BECKER, Minn. — More than 100 protesters at the high school here Monday chanted messages supporting the LGBTQ community and turned their backs on school board presenters who shared the "other side" of recent conversations on equity.

The school board invited the Child Protection League to speak at a special meeting following outrage from some community members when OutFront Minnesota — an organization supporting lesbian, gay, bisexual and transgender rights — presented at an August meeting.

The Child Protection League describes itself as an organization committed to protecting children from exploitation and indoctrination. Barb Anderson helped form the group, along with the Parents Action League, which was designated as a hate group by the Southern Poverty Law Center for its anti-gay rhetoric and involvement in the Anoka-Hennepin School District when it saw a rash of suicides and a lawsuit claiming the district didn't respond to harassment on the basis of sexual orientation.

GLAAD, an LGBTQ advocacy organization, also lists Anderson on an anti-LGBT watchlist for saying LGBTQ antibullying efforts are the "pied piper of perversion" and affirm sexual disorders.

Anderson was not at Monday's meeting but Child Protection League Board Chair Julie Quist spoke about children's books she said violated the beliefs and norms of the community by accepting different gender identities. Quist previously served as district director for U.S. Rep. Michele Bachmann. Also speaking were former Becker board members Betsy Armstrong and Chris Klippen.

Armstrong spoke for about 50 minutes and was interrupted several times by protesters — mostly Becker students — questioning her statements or chanting "gay rights are human rights."

She spoke mostly about what she called the "worrisome" increase in the number of transgender youth in the last decade and cited possible reasons as anxiety, autism or sexual trauma exacerbated by peer and social media influences — something Armstrong called a "social contagion."

Armstrong also referenced a Bible quote that says God created two sexes — male and female — and said people who follow religious teachings are constitutionally protected and their opinions ought to be given equal consideration.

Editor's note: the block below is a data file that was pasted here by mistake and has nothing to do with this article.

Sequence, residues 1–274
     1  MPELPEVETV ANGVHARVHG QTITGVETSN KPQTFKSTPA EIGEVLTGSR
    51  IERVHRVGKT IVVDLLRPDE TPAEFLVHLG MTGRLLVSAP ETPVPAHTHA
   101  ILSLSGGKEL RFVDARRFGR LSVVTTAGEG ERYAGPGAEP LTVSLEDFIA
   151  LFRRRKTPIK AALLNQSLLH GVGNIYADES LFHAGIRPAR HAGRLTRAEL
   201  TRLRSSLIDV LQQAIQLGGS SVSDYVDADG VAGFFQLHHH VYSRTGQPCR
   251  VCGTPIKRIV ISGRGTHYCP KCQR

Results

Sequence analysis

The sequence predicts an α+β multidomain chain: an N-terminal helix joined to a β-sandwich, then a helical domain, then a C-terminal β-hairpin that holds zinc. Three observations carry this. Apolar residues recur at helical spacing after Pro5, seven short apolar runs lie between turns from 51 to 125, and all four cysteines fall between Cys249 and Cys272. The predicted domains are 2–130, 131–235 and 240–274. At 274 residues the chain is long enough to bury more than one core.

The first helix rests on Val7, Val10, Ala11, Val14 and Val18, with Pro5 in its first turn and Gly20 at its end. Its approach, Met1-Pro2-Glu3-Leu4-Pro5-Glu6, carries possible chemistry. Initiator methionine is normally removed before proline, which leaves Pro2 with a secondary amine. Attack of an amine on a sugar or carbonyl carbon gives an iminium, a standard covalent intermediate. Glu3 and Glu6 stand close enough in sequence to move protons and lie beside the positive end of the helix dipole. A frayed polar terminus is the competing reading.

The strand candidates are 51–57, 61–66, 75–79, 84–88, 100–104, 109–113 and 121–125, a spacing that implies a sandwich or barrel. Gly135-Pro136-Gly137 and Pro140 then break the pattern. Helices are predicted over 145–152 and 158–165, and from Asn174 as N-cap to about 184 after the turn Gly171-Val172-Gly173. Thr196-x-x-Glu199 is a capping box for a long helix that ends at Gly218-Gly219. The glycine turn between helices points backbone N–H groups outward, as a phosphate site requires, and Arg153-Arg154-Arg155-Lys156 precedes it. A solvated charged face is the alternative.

"Use of a new name and preferred pronouns should be [optional] for those interacting" with LGBTQ people, Armstrong said.

Joe Rand, an educator with the University of Minnesota Extension and a part-time Becker district employee, said members of the school's Gender-Sexuality Alliance (GSA) have been advocating for LGBTQ rights for more than a year with little progress. Last April, students walked out of school after a spate of bullying and physical confrontations between students based on race or sexual orientation.

Heather Abrahamson, GSA adviser and social studies teacher, said she asked district leaders last summer for more staff training on LGBTQ issues and equity. The OutFront Minnesota presentation was supposed to be an opportunity to train staff; instead it became a community event with the board, Abrahamson said.

"What we're having trouble helping people understand is that there aren't two sides. This is a protected class of people by law and there aren't two sides to human rights," Rand said.

District administrators declined to comment on the Child Protection League's visit but Board Chair Mark Swanson read a statement before Monday's meeting acknowledging concern over the speakers.

"As a school board, we recognize that we are learners, just like the students we serve. Therefore, a critical part of our jobs as board members is to listen and engage," he said. "We see that it is essential for us as individual board members and as a collective to engage with a variety of perspectives and voices to ensure a complete picture."

Public comment was not allowed at the special meeting, but Swanson told attendees they could sign up to speak at the next regular meeting in April.

After the presentation, Rand told students, "That was all garbage. You are all valid."

Becker High School senior Austyn Clemen said they feel burned out from advocating for the LGBT community — and even speaking about their own mental health struggles in front of the board — but seeing no change. Clemen said a handful of students have repeatedly e-mailed board members to share concerns but haven't heard back.

"It's just really hard to even process the kinds of discrimination that we're going through and the ways in which the school board and administration aren't listening to us," Clemen said.

Junior Erin Deering said allowing the anti-gay group to present to the board as a legitimate organization sharing facts was inappropriate.

"It feels very careless and reckless coming from the school board members," Deering said.